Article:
There is a story that broke over the weekend that some of the major music corporations are seeking a way to save them by slashing prices on CDs and forgiving or delaying payments.Here's the top of the article: "It is believed that companies including Universal Music and Sony are prepared to cut the prices of CDs and DVDs for HMV's customers and give the retailer extended credit terms if restructuring specialist Hilco, which is understood to be interested in buying HMV out of administration, clinches a deal."

Can you imagine?  In the past twenty years we have watched the industry make every mistake imaginable from pricing strategy to dealing with piracy, and they have simply stood by and let their entire customer base go out of business. And for some reason, today someone inside a corporate office wakes up and yells "Wait! We need to save HMV! This could be big trouble for us!", as if they just realized that something is amiss in their business model.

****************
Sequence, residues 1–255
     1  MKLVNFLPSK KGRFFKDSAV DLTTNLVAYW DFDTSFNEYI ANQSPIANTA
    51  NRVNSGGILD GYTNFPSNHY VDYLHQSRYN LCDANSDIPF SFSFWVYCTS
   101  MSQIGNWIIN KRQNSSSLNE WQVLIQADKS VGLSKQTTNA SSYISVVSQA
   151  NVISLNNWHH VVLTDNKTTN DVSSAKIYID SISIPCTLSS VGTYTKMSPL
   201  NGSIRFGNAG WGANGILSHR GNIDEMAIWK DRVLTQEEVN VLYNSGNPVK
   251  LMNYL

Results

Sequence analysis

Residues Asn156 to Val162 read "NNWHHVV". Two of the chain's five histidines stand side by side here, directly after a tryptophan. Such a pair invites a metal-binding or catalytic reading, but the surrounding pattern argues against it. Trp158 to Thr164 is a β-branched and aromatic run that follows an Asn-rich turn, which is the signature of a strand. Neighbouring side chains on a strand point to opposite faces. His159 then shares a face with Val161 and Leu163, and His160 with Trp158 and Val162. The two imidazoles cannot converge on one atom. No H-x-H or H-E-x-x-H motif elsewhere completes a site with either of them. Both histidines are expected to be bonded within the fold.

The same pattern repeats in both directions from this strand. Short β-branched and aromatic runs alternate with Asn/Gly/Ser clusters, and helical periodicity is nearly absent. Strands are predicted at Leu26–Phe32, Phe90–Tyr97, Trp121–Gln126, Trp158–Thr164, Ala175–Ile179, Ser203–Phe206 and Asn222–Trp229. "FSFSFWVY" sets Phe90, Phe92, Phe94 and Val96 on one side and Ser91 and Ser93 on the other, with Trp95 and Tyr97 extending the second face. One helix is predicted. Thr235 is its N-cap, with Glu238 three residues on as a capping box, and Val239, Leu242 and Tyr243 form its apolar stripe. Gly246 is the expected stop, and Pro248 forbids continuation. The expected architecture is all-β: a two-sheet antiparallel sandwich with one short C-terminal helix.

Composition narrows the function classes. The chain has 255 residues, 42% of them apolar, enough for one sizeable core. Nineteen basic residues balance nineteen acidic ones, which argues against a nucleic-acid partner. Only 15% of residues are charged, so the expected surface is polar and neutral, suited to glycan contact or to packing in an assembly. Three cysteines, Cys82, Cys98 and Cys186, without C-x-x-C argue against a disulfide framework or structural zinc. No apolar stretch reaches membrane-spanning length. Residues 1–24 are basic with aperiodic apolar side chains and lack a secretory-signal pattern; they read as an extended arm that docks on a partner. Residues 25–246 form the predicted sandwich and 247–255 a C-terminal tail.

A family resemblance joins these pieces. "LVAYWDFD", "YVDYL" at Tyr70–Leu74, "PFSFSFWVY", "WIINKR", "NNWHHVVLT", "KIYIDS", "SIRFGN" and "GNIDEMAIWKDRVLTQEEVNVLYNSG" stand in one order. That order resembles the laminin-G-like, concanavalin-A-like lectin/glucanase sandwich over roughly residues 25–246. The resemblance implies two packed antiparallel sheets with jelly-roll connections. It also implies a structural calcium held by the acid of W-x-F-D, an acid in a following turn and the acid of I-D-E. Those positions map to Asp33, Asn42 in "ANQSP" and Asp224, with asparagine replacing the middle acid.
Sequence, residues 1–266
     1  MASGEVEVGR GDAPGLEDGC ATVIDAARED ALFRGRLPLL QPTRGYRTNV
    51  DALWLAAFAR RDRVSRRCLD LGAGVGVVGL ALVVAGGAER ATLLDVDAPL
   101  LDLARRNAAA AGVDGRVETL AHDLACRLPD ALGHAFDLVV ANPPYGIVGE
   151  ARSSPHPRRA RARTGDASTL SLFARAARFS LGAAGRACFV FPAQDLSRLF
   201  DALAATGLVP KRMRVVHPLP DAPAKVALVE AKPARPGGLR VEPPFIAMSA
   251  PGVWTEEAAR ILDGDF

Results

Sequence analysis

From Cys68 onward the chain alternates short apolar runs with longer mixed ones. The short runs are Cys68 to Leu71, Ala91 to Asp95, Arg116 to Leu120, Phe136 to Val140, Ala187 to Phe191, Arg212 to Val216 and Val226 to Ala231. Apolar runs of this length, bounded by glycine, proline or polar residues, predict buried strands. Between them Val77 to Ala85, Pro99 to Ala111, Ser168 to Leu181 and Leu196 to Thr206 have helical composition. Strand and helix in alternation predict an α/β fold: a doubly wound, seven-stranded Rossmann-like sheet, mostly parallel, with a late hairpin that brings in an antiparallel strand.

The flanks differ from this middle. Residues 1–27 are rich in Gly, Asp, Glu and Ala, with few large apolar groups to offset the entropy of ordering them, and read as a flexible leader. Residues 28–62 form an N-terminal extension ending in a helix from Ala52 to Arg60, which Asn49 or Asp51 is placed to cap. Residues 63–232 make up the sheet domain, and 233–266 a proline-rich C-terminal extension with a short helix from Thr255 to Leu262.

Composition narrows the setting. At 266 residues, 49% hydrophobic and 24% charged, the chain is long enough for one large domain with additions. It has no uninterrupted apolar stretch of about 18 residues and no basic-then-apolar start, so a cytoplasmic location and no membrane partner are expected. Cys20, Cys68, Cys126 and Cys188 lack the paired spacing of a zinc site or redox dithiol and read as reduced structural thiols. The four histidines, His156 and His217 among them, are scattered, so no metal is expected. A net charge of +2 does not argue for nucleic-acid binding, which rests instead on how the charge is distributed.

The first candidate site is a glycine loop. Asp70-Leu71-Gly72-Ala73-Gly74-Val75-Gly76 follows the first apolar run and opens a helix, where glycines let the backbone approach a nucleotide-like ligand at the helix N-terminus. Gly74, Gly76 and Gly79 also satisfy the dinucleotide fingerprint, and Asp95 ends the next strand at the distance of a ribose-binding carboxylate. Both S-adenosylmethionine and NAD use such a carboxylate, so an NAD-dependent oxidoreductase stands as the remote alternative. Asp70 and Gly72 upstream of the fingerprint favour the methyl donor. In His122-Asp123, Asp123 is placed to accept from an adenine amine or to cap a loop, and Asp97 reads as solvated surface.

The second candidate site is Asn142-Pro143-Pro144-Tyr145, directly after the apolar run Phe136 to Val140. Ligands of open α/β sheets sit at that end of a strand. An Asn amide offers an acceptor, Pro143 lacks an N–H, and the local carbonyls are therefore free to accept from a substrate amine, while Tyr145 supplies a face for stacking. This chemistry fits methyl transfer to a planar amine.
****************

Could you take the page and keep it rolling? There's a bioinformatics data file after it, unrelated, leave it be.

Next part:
Unbelievable.

May little Nipper rest in peace. The overweight lady has sung.

Comment by Tom Semioli on January 22, 2013 at 6:58am

Unfortunately we have lost scores of record shops in NYC - and we're about to lose another, the hallowed Bleeker Bob's.  BB's also sold tickets for small venues back in the day wherein I could hear everyone from Miles Davis to BB King to new, upcoming artists such as Bruce Springsteen. Generation Records is still going strong in the Village, and J & R still keeps the flame burning down in the financial district but....this is a terrible loss for musicians and fans. 

Comment by Easy Ed on January 22, 2013 at 7:06am

I took a stroll through Bleeker Bobs this past weekend in anticipation of its demise. As I left there was a tour group down the street and the guide was talking about how Greenwich Village had once been the center of the folk music revival and how vibrant an area it had once been. I almost yelled "Quick...go visit a record store before they all go away" but I kept on moving.